Around 6.40am on Feburary 19, a United States Border Patrol agent shot and killed Jesus Flores Cruz, a 41-year-old Mexican national, four miles east of the Otay Mesa port of entry to the US in southern San Diego.
Employing what has become an all-too-familiar explanation, authorities said Flores Cruz, an unauthorised migrant, pelted the agent with rocks. Reportedly fearing for his well-being, the agent shot his pistol twice, fatally wounding the alleged attacker.
Two days later, Human Rights Watch released a report on a US drone attack on an 11-vehicle convoy ― a wedding procession ― in Yemen on December 12, last year. The attack killed 11 and wounded 15 other people (including the bride).
Both Yemeni and US officials said the dead were members of al-Qaeda in the Arabian Peninsula, a claim the Human Rights Watch report casts serious doubt on.
The killings happened thousands of miles apart, but they share much. Both grow out of the seemingly boundless pursuit for what Washington defines as national security.
Within the US, this quest has led to a ballooning of policing apparatus in the US-Mexico borderlands and within immigrant communities. Abroad, it involves the deployment of US Special Operations forces in scores of countries annually.
Both killings also reflect a pattern of impunity. With the death of Flores Cruz, US Border Patrol and Customs and Border Protection agents have killed at least 43 individuals, 15 of them US citizens, since 2005.
An extensive investigation published in December by the Arizona Republic found that in none of the previous 42 cases ― ranging from “strongly justifiable to highly questionable” ― has any agent faced consequences. In other words, there is no evidence of accountability.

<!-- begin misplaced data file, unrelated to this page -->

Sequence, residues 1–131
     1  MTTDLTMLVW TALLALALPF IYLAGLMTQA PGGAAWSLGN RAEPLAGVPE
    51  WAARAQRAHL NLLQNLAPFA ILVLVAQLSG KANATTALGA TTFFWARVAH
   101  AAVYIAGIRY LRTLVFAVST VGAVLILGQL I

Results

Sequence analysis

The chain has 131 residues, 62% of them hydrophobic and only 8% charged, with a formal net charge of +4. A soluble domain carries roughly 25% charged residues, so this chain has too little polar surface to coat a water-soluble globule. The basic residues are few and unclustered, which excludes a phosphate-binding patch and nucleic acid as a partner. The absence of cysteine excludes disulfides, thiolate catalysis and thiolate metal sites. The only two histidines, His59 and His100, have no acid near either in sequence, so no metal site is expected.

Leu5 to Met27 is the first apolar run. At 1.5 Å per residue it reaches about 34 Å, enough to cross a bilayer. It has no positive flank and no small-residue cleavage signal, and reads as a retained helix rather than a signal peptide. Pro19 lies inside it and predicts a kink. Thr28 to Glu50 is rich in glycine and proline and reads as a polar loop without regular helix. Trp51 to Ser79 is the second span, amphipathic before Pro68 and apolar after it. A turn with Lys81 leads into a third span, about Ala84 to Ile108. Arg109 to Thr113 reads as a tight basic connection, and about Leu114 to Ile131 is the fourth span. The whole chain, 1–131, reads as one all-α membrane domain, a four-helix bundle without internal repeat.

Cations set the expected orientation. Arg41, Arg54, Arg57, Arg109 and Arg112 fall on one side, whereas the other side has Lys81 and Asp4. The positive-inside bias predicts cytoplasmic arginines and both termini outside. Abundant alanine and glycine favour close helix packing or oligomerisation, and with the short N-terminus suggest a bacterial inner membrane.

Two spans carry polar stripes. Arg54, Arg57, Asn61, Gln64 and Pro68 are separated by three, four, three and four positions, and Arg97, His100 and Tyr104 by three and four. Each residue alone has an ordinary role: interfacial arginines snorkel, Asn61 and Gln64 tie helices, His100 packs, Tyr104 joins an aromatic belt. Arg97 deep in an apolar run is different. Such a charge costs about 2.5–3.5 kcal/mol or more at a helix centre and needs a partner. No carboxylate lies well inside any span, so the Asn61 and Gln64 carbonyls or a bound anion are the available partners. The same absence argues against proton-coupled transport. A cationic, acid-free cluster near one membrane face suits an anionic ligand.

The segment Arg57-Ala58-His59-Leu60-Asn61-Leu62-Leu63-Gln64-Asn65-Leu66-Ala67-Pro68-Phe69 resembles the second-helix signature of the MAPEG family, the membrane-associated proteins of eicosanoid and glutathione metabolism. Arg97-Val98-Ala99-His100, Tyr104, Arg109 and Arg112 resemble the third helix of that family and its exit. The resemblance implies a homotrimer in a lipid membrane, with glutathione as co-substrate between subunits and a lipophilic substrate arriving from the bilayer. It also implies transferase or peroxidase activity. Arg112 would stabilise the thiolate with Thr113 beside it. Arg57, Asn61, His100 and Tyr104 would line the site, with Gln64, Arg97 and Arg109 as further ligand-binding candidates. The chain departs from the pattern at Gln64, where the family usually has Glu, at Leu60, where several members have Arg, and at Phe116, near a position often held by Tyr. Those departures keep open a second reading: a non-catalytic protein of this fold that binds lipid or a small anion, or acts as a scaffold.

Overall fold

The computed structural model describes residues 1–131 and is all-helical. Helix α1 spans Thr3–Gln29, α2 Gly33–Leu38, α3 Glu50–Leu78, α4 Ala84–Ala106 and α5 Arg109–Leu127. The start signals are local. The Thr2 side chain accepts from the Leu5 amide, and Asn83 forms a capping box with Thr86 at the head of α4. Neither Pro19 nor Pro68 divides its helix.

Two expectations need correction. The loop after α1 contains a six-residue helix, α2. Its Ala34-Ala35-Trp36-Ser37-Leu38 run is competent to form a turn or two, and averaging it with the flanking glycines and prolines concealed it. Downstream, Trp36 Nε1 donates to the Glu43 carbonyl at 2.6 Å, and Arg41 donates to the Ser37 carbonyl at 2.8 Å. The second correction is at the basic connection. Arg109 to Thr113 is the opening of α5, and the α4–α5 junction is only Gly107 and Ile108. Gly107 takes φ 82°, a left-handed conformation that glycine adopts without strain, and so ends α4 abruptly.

Of course, in the case of US drone strikes, Washington kills with more or less full immunity. The US public and almost all elected officials are deliberately kept in the dark.
And given the imperial nature of international legal mechanisms, there is nothing to hold the White House, the Pentagon, or the CIA accountable on the global scale.
As the philosopher Anarchasis observed in the 6th century BC in comparing laws to spider webs, laws catch the weak and poor, while the rich and powerful tear them to pieces.
The ancient philosopher has shown himself to be prophetic in both the US-Mexico borderlands and in contemporary international affairs ― a profoundly undemocratic arena in which the powerful demand accountability of their weaker enemies, while insulating themselves and their allies from prosecution.
That the victims of US state violence ― in both the US-Mexico borderlands and in Yemen ― come from the “Global South” is hardly a coincidence. It demonstrates how life chances are distributed in a grossly unequal manner across the globe .
It shows how deeply “the problem of the color line” persists today ― the global racial divide that African American writer W.E.B. DuBois so powerfully decried in his epic 1903 book The Souls of Black Folk as “the problem of the 20th century”.
The deaths also show the nature of the US empire, one characterised by “invisibility”. It is invisible in the US-Mexico borderlands in that the ill-gotten territory and its population were eventually incorporated and overrun by a settler population. This obscures the original conquest and colonial dispossession ― and the associated injustices that persist today ― and creates a facade of legitimacy.
In terms of Washington’s violence beyond US territory, a variety of factors hide its imperial nature.
These include: the lack of colonies abroad (apart from a small number of arguable exceptions); the heavy US reliance on covert actions; the relatively short-lived nature of US interventions in other countries (when compared with empires of old); and a formal refusal to acknowledge the very existence of a hierarchy in terms of US relations with other countries.
As such, the violence of empire ― an inherently unjust entity ― is seen by empire’s beneficiaries as something else.
For these reasons and more, making visible what is hidden is central to the struggle to put an end to the extra-judicial killings and the associated impunity in the US-Mexico borderlands, Yemen, and beyond.
[Abridged from NACLA.org.]